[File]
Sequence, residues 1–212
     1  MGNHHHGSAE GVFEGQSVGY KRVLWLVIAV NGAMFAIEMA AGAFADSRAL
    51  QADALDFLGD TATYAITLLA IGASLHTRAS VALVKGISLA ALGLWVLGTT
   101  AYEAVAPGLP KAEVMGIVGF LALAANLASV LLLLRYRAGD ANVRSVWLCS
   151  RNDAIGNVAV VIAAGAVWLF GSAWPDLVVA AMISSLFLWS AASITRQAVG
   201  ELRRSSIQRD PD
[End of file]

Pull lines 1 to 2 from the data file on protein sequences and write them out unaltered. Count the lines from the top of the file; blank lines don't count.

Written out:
Sequence, residues 1–212
     1  MGNHHHGSAE GVFEGQSVGY KRVLWLVIAV NGAMFAIEMA AGAFADSRAL